The 17th to 19th centuries[edit]

Stettin in the late 19th century

Following the Treaty of Stettin of 1630, the town (along with most of Pomerania) was allied to and occupied by the Swedish Empire, which managed to keep the western parts of Pomerania after the death of Bogislaw XIV in 1637 and the Peace of Westphalia in 1648 – despite the protests of Elector Frederick William of Brandenburg, who had a legal claim to inherit all of Pomerania. The exact partition of Pomerania between Sweden and Brandenburg was settled in Stettin in 1653.

Sedina Monument (1899–1913). Sedina was a personification of Stettin. The statue was scrapped for copper in 1942, and after the war it was replaced with an anchor. In 2012 the authorities approved plans for a reconstruction of the statue.

Stettin was turned into a major Swedish fortress, which was repeatedly besieged in subsequent wars.[55] It was on the path of Polish forces led by Stefan Czarniecki moving from Denmark; Czarniecki's sea-based route, which led his forces to the city,[56] is today mentioned in the Polish anthem, and numerous locations in the city honour his name. Wars inhibited the city's economic prosperity, which had undergone a deep crisis during the devastation of the Thirty Years' War and was further impeded by the new Swedish-Brandenburg-Prussian frontier, cutting Stettin off from its traditional Farther Pomeranian hinterland.[49] Due to the Black Death during the Great Northern War, the city's population dropped from 6,000 people in 1709 to 4,000 in 1711.[57] In 1720, after the Great Northern War, Sweden was forced to cede the city to King Frederick William I of Prussia. Stettin was made the capital city of the Brandenburg-Prussian Pomeranian province, since 1815 reorganised as the Province of Pomerania. In 1816 the city had 26,000 inhabitants.[58]

The Prussian administration deprived Stettin of her right to administrative autonomy, abolished guild privileges as well as its status as a staple town, and subsidised manufacturers.[55] Also, colonists were settled in the city, primarily Huguenots.[55]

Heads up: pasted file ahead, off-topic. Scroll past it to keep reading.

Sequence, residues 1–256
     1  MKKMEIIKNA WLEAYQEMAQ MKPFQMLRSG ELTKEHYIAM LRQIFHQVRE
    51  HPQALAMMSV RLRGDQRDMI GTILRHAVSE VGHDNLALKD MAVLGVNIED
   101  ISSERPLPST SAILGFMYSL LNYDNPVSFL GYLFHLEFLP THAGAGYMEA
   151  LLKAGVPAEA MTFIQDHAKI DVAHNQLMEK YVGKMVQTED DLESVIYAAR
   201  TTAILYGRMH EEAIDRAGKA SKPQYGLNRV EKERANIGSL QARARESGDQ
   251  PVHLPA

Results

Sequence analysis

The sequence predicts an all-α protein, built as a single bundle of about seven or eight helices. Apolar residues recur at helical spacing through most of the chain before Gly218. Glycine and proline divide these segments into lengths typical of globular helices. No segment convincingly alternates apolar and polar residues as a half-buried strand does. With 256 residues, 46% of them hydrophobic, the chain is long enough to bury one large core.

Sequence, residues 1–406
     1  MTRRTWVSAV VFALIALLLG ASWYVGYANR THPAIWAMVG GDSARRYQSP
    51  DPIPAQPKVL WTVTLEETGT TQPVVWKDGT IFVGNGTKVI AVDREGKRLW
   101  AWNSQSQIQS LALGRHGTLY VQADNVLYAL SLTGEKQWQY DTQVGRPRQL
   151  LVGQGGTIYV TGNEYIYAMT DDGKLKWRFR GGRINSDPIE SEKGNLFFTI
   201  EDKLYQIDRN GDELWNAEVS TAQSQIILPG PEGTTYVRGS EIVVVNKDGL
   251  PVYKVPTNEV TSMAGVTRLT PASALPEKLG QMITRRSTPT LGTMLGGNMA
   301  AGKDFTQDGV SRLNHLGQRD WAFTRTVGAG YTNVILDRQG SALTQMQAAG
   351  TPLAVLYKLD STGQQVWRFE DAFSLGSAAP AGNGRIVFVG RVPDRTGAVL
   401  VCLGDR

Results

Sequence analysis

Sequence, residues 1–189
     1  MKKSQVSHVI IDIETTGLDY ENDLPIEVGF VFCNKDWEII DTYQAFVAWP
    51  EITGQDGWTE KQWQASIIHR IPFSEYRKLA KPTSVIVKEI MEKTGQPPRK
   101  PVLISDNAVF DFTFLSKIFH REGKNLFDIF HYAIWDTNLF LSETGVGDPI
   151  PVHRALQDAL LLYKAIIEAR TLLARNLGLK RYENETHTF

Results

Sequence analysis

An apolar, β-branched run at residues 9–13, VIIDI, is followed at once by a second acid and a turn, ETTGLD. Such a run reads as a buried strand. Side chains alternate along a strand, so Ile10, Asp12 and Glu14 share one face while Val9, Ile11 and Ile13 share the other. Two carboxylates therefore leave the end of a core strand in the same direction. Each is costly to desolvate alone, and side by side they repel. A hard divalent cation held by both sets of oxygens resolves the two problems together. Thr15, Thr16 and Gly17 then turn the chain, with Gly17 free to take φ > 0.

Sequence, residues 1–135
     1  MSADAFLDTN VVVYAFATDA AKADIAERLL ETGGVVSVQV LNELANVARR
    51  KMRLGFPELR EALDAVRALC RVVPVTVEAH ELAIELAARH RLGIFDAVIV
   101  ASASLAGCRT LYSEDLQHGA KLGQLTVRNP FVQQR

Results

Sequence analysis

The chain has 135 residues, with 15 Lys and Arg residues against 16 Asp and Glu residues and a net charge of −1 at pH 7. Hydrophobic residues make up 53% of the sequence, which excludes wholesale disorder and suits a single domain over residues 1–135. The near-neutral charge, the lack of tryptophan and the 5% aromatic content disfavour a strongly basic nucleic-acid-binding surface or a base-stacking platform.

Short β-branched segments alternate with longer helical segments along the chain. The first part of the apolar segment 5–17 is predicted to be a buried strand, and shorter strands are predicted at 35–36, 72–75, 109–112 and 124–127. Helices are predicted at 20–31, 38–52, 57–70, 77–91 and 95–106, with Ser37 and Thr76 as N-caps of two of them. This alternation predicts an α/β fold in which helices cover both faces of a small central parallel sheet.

In October 1806, during the War of the Fourth Coalition, believing that he was facing a much larger force, and after receiving a threat of harsh treatment of the city, the Prussian commander Lieutenant General Friedrich von Romberg agreed to surrender the city to the French led by General Lassalle.[59] In fact, Lassalle had only 800 men against von Romberg's 5,300 men. In March 1809 Romberg was convicted and sentenced to life imprisonment for giving up Stettin without a fight.

From 1683 to 1812, one Jew was permitted to reside in Stettin, and an additional Jew was allowed to spend a night in the city in case of "urgent business".[47] These permissions were repeatedly withdrawn between 1691 and 1716, also between 1726 and 1730 although else the Swedish regulation was continued by the Brandenburg-Prussian administration.[47] Only after the Prussian Edict of Emancipation of 11 March 1812, which granted Prussian citizenship to all Jews living in the kingdom, did a Jewish community emerge in Stettin, with the first Jews settling in the town in 1814.[47] Construction of a synagogue started in 1834; the community also owned a religious and a secular school, an orphanage since 1855, and a retirement home since 1893.[60] The Jewish community had between 1,000 and 1,200 members by 1873 and between 2,800 and 3,000 members by 1927–28.[60] These numbers dropped to 2,701 in 1930 and to 2,322 in late 1934.[60]

After the Franco Prussian war of 1870–1871, 1,700 French POWs were imprisoned there in deplorable conditions, resulting in the death of 600 of them;[61] after the Second World War monuments in their memory were built by the Polish authorities.

Until 1873, Stettin remained a fortress.[55] When part of the defensive structures were levelled, a new neighbourhood, Neustadt ("New Town") as well as water pipes, sewerage and drainage, and gas works were built to meet the demands of the growing population.[55]

19th–20th centuries[edit]

Old Prussian barracks on Holy Ghost Street (Świętego Ducha)[62]

Stettin developed into a major Prussian port and became part of the German Empire in 1871. While most of the province retained its agrarian character, Stettin was industrialised, and its population rose from 27,000 in 1813 to 210,000 in 1900 and 255,500 in 1925.[63] Major industries that flourished in Stettin from 1840 were shipbuilding, chemical and food industries, and machinery construction.[55] Starting in 1843, Stettin became connected to the major German and Pomeranian cities by railways, and the water connection to the Bay of Pomerania was enhanced by the construction of the Kaiserfahrt (now Piast) canal.[55] The city was also a scientific centre; for example, it was home to the Entomological Society of Stettin.

On 20 October 1890, some of the city's Poles created the Towarzystwo Robotników Polsko Katolickich (Society of Polish-Catholic Workers) in the city, one of the first Polish organisations.[64] In 1897 the city's ship works began the construction of the pre-dreadnought battleship Kaiser Wilhelm der Grosse. In 1914, before World War I, the Polish community in the city numbered over 3,000 people.[2] These were primarily industrial workers and their families who came from the Poznań (Posen) area[65] and a few local wealthy industrialists and merchants. Among them was Kazimierz Pruszak, director of the Gollnow industrial works and a Polish patriot, who predicted the eventual return of Szczecin to Poland.[2]

Stettin was long Germany's largest Baltic port, a situation which greatly helped speed development and attract public investment.